See Lee Valley newsletter Vol 6 No 6
Stanley came out with its No 66 scratch stock 1886-1941, it is often found missing its cutters (6) and the fences (2). Fortunately Lie-Nielsen has been making a reproduction and the parts are interchangeable
The Lie-Nielsen version of Stanley No 66.
The bent blade, rarely seen in the wild, is a two ended router blade.
Pic from Lie-Nielsen site
Stanley also had the smaller No 69, which is fence less and designed to be pushed only, since the blade is leaning forward. Being fence less it can be used anywhere on the board, providing you use a batten board as a fence.
Stanley No 69, was never much popular owning to its difficult useage,
hence rare and valuable.
Pic from Patrick Blood & Gore
There was a short lived version in bronze made by Woodcraft earlier. (Early 2000s) which came with two (2) fences.
The original Preston No 1393S, from 1909 catalog
Lee-Valley also came out with their own designs, first in wood then in metal with wood handle and finally their Preston reproduction
All three versions used the same blades, bonus!
The original wooden version along with their latest reproduction
The blade can be bury in the fence to reveal the profile desired
The beam at full extension, the blade can also be secured in another position, hence the three (3) screws. The beam is round hence can be tilted in use.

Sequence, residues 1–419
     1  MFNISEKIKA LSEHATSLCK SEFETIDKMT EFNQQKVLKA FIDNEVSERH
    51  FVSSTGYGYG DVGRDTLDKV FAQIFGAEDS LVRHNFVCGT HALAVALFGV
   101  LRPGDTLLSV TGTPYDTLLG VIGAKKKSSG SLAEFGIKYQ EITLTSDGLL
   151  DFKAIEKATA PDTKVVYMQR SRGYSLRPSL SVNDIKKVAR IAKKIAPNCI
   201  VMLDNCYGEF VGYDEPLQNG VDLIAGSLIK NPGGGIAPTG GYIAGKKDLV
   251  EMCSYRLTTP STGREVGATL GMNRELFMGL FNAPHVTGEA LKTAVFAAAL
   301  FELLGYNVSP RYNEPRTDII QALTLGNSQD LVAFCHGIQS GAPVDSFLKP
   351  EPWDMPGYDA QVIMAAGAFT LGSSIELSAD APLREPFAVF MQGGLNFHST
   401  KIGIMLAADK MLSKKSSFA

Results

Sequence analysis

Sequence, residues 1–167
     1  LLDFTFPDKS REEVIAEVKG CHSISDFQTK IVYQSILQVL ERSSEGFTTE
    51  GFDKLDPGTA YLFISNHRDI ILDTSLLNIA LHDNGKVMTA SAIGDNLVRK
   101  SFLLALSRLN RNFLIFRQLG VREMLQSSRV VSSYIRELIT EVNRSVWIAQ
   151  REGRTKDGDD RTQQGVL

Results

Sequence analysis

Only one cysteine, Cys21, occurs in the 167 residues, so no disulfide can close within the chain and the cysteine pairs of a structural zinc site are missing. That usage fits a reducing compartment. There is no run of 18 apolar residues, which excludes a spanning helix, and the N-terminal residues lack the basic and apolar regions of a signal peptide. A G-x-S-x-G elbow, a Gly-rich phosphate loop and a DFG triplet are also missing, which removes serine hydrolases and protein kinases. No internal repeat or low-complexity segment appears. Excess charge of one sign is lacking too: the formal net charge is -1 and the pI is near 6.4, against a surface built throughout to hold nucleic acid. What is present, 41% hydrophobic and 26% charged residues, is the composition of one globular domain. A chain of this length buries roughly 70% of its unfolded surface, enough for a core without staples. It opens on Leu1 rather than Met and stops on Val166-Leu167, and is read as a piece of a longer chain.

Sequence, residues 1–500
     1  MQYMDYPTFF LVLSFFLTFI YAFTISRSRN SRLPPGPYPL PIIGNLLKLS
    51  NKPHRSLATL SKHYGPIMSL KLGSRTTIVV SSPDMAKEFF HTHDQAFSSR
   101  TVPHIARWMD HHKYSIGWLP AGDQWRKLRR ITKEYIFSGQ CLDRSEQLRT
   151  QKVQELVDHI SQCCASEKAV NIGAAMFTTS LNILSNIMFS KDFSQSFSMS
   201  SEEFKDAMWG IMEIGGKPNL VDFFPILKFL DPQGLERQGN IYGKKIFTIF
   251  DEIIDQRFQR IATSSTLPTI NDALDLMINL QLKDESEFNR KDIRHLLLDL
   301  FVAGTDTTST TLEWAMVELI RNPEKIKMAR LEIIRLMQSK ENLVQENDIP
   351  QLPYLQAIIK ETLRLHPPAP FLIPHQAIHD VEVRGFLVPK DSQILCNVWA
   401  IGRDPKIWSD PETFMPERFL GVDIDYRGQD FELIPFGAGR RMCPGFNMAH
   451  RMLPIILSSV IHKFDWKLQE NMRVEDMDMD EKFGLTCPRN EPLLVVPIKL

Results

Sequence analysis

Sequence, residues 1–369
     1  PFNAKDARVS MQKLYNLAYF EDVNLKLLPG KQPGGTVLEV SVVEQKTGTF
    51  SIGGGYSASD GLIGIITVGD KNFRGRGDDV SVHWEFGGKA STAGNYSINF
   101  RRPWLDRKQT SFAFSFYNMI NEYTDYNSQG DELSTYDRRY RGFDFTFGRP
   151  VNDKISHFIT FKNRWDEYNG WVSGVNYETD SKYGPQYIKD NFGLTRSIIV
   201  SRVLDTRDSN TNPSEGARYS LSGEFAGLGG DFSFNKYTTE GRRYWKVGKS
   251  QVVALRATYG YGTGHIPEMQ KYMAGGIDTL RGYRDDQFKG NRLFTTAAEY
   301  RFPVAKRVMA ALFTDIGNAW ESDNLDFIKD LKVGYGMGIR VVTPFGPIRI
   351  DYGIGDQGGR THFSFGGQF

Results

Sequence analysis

Similarly on this one, the sole and the fence have a small curvature to them, enabling the tool to be tilted in use and to go around curve edges
LV third version also uses the same blades set (8) as the two others
Pic from LV site
A close cousins to the scratch stock are another class of tools called Coach routers or Quirk routers used in the coachmaker trade. They were used to scratch the small profile around curved members on the coach. Often cutting a narrow groove, (routing) to insert an inlay contrasting piece of wood.
Preston Quirk router.
Cuts a narrow groove
Pic from EBay
Preston Sash routers
From T-B Bead, Ovolo and Lamb tongue
Pic from HTPAA.ORG.AU
Notice the two cutters? There are mirror image of each other and allow you to attack the grain from both directions. There are also unique by having a short sole surface, like a plane. Preston seems to had been the only maker of these unique tools. Pic from EBay
Notice the wear on the top edge of my dado cutters storage box I made back in the 90s. I was supposed to make a cover or lid but never got around to it :-)
A small bead detail would have prevented that, hence why often used on top front of drawers or on shelves front edges
Some scratch stocks can cut small flutes or reeds in the middle of small parts ( think table or chair legs) if they have a movable fence.
Scratched profile on front of dining chair's legs.
Accent carving on stretchers by Rudy :-)
Another similar types of tools are used to scratch or rout out small narrows channels for inlays .
Do they still have a place in our modern shops? Well, you try to balance a high speed rotary tool (electric routers) on a small narrow piece and let me know how you make out...
One last thing, owning to their rotary profiles and rotation speeds, a router bit cannot cut some of the more delicate profiles made by a simple scratch stock or beader tool.
Scratching the profiles is also quieter and often faster than using them 'Lectric screaming beast :-)
Bob, scratching Rudy ears :-)